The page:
The Denver Broncos have been quite active in 2020 free agency so far under GM John Elway.
The signing of standout interior offensive lineman Graham Glasgow and the trade for All-Pro-caliber defensive lineman Jurrell Casey really got the fan base and the local media going.
Friday morning’s signing of former L.A. Chargers standout running back Melvin Gordon to a two-year, $16 million contract — with $13.5M guaranteed — had some in the fan base in the media scratching their heads.
At face value, a two-year deal around $8M a year is an easy layup for a team that was reportedly searching for a No. 1 RB.
The search for a No. 1 RB is the confusing part, though, considering the Broncos have a Pro Bowl talent coming off of two straight 1,000-yard rushing seasons as a former undrafted free agent already on the roster.
This move certainly strengthens the running back room, but Phillip Lindsay has to be frustrated. What more did Lindsay need to show?
All that is water under the bridge now, as Gordon is a Bronco.
However, the 2019 season was a rough one for Gordon, who held out from training camp for more money, turning down an offer of more than $10M/year from the Chargers. That holdout lasted just one week into the regular season, but upon his return, Gordon didn’t look the same in terms of explosiveness, vision, and overall feel for the game.
On the Ground
Let’s face it; Gordon was a shell of himself last year on the ground. The two-time Pro Bowler averaged just 3.8 yards per pop and finished with a career-low 612 rushing yards.
What stunned me when researching and analyzing film of Gordon for this piece was that just once in his career has he averaged more than 4.0 yards per carry in a single season. In 2018, Gordon averaged 5.1 yards per tote.
Here, in 2018, against the San Francisco 49ers, Gordon flashed that quickness, vision, and ability to create after contact.
The great thing here is that Gordon was explosive laterally and showed the sharp vision to cut back inside. From there, his contact balance stands out at the end, ripping through two defenders to finish off the 34-yard run.
The problem is, runs like this didn’t necessarily show up consistently on tape in 2019.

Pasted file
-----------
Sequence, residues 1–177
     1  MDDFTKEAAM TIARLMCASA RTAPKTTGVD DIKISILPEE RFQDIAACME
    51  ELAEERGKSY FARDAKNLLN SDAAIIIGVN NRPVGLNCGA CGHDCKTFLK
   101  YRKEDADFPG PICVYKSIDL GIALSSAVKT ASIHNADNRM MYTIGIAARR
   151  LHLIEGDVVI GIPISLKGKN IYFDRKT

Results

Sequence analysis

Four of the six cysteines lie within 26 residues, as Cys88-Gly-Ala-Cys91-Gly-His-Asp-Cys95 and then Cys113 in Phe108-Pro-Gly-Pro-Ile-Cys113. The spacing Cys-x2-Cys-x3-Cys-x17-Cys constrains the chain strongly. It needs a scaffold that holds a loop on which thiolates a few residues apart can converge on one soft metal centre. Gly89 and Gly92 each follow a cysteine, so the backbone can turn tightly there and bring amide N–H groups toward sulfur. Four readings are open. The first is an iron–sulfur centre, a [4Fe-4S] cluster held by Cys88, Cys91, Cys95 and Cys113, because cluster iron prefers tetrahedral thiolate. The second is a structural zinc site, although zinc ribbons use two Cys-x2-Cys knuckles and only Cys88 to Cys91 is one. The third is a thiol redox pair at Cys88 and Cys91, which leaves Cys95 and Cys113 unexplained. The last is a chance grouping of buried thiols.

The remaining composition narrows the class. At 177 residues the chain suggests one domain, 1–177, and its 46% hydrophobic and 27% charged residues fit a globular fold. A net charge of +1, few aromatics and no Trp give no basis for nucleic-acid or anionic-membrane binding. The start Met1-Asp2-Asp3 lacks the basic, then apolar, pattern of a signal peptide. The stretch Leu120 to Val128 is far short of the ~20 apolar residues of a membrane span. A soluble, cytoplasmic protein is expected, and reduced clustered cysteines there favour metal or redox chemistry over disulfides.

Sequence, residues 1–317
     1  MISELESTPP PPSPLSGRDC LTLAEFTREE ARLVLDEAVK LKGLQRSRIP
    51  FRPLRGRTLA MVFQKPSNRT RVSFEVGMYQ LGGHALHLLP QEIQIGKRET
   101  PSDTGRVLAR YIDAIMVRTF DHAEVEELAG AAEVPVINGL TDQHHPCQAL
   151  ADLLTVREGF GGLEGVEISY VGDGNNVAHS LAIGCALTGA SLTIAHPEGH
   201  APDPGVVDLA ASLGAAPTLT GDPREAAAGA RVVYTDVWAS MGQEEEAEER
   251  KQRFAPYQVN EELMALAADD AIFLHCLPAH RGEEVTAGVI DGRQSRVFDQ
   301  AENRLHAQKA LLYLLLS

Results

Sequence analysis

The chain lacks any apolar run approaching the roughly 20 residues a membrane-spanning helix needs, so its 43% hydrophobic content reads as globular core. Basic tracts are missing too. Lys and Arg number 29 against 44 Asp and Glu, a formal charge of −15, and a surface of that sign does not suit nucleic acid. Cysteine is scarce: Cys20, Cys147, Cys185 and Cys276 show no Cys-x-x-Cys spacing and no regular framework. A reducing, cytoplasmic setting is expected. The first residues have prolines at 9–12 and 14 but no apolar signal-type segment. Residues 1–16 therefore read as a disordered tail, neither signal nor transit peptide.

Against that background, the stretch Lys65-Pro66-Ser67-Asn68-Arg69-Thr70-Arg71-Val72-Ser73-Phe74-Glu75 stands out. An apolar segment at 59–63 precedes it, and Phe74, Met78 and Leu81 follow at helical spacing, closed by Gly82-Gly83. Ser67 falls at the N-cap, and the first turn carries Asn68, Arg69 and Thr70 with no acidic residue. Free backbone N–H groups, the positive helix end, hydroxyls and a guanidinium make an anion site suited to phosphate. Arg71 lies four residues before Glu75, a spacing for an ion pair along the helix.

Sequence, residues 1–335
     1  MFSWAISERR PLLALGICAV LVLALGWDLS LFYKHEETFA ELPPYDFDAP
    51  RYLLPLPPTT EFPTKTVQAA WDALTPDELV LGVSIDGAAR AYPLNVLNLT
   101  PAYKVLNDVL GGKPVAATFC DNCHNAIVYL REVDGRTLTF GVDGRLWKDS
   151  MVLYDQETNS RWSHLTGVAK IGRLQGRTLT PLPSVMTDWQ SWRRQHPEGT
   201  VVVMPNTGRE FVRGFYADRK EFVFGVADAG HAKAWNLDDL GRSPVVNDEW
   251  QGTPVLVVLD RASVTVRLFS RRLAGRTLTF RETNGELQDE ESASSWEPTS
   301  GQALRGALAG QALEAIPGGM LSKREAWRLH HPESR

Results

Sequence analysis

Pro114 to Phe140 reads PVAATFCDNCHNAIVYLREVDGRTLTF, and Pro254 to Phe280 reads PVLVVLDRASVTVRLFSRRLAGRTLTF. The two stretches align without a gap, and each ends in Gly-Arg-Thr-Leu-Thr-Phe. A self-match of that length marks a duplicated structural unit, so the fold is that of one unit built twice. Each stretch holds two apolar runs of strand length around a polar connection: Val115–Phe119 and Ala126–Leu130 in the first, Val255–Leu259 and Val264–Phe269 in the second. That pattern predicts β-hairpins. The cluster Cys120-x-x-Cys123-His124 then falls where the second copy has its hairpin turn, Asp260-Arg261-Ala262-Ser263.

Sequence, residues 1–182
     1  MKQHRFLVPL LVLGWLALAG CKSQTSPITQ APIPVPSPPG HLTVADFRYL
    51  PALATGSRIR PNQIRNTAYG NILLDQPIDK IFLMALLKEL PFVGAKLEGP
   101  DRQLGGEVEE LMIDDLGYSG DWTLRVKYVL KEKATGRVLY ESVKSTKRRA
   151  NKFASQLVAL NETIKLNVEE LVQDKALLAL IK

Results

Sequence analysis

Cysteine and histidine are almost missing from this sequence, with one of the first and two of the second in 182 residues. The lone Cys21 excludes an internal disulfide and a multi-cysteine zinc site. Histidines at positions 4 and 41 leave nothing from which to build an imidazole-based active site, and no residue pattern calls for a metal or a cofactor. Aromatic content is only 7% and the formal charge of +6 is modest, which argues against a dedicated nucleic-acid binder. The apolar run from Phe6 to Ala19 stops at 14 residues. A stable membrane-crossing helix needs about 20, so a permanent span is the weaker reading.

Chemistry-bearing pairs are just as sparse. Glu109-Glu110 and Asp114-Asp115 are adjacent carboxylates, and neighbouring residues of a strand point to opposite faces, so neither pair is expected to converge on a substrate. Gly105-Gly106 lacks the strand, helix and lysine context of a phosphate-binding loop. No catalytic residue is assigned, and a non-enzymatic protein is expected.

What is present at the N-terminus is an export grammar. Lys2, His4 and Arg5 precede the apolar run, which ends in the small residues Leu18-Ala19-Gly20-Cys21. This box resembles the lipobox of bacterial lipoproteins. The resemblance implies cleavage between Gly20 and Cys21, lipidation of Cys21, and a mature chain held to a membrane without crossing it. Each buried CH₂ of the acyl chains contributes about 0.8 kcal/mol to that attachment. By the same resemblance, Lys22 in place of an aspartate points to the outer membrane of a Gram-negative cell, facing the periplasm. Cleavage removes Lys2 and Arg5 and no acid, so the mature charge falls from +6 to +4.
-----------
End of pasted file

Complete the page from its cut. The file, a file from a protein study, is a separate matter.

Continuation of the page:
Against the Oakland Raiders late in the year, Gordon started to show some juice, especially on outside runs.
The lateral quickness and overall burst aren’t there, but you can see the vision and balance start to show up again, allowing him to get north in a hurry.
In Week 17, Gordon certainly looked like himself, ripping off a similar run to the first clip shown earlier in the article.
I love the way he sets up the two Kansas City defenders on the perimeter, jumping this run back inside before using his power to stick a shoulder into a defender and break free.
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Gordon is a serviceable check-down option out of the backfield, without a doubt. Hauling in 224 passes over his career, Gordon has shown soft, consistent hands and can make defenders miss after the catch.
Just don’t expect him to run a full route tree and move all over the formation like former teammate Austin Ekeler could.
Again in Week 17 against the Chiefs, Gordon put some nice reps on tape in the final game leading into his free agency tour.
LB Anthony Hitchens didn’t stand a chance in coverage in the box against Gordon. This is where and how Gordon can win. He has to use his short-area explosiveness to win in space against defenders as a pass-catcher.
You can see the ability after the catch too.
Flashing back to 2018 again here, Gordon showed a ton of juice in space against the Raiders on his way to a 66-yard touchdown.
It’s just a simple dump off, but he makes multiple defenders miss on the way to the end zone.
How Gordon Helps
With a young QB in Drew Lock entering just his second year, and a number of playmakers already in the building offensively, Gordon could really thrive in a committee role with Lindsay in OC Pat Shurmur’s offense.
There’s still some serviceable juice left in Gordon at this point in his career both as a runner and as a receiving threat. He’ll be 27 at the start of the season and has just 1,283 touches in his career. That’s an average of roughly 256 or so touches per year he's been in the league.
The problem is, Gordon is always nicked up. Through five seasons, he has missed 13 games, playing a full 16-game schedule just once.
He’s dealt with a ligament tear in his knee, sprained his MCL twice in separate seasons, an ankle injury, a pulled quad, and a hip sprain. They’re all lower-body injuries, and that’s a major concern for a running back.
According to sportsinjurypredictor.com, Gordon is projected to miss 1.3 games in 2020.
Overall, it’s a fine signing by Elway. Gordon is coming in with a chip on his shoulder and should fit in nicely in Shurmur’s zone rushing attack. Still needing some defensive line help, it’s a head-scratcher to allocate resources to the RB position, but it’s hard to hate the addition of a former first-round talent like Gordon.